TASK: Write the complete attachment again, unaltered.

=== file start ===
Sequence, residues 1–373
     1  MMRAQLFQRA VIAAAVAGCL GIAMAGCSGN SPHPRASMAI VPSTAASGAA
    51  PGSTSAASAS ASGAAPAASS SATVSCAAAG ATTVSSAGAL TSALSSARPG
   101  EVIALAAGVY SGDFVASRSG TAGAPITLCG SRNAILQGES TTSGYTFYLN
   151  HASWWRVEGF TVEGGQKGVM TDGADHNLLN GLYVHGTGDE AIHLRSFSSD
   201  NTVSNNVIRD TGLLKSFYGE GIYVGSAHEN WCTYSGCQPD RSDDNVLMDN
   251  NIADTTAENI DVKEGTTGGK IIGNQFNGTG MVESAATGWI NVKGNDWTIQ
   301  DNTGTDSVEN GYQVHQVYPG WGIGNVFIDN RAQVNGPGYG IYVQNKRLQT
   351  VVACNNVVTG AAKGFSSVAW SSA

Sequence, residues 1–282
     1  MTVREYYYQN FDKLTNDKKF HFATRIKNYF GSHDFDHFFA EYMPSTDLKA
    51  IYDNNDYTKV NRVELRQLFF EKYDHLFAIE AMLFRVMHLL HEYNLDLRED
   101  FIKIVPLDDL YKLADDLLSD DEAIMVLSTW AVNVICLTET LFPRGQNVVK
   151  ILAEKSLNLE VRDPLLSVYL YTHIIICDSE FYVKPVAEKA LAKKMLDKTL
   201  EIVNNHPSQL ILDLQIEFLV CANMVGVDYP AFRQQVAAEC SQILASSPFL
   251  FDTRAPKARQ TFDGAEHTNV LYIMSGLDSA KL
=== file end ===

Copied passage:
Sequence, residues 1–373
     1  MMRAQLFQRA VIAAAVAGCL GIAMAGCSGN SPHPRASMAI VPSTAASGAA
    51  PGSTSAASAS ASGAAPAASS SATVSCAAAG ATTVSSAGAL TSALSSARPG
   101  EVIALAAGVY SGDFVASRSG TAGAPITLCG SRNAILQGES TTSGYTFYLN
   151  HASWWRVEGF TVEGGQKGVM TDGADHNLLN GLYVHGTGDE AIHLRSFSSD
   201  NTVSNNVIRD TGLLKSFYGE GIYVGSAHEN WCTYSGCQPD RSDDNVLMDN
   251  NIADTTAENI DVKEGTTGGK IIGNQFNGTG MVESAATGWI NVKGNDWTIQ
   301  DNTGTDSVEN GYQVHQVYPG WGIGNVFIDN RAQVNGPGYG IYVQNKRLQT
   351  VVACNNVVTG AAKGFSSVAW SSA

Sequence, residues 1–282
     1  MTVREYYYQN FDKLTNDKKF HFATRIKNYF GSHDFDHFFA EYMPSTDLKA
    51  IYDNNDYTKV NRVELRQLFF EKYDHLFAIE AMLFRVMHLL HEYNLDLRED
   101  FIKIVPLDDL YKLADDLLSD DEAIMVLSTW AVNVICLTET LFPRGQNVVK
   151  ILAEKSLNLE VRDPLLSVYL YTHIIICDSE FYVKPVAEKA LAKKMLDKTL
   201  EIVNNHPSQL ILDLQIEFLV CANMVGVDYP AFRQQVAAEC SQILASSPFL
   251  FDTRAPKARQ TFDGAEHTNV LYIMSGLDSA KL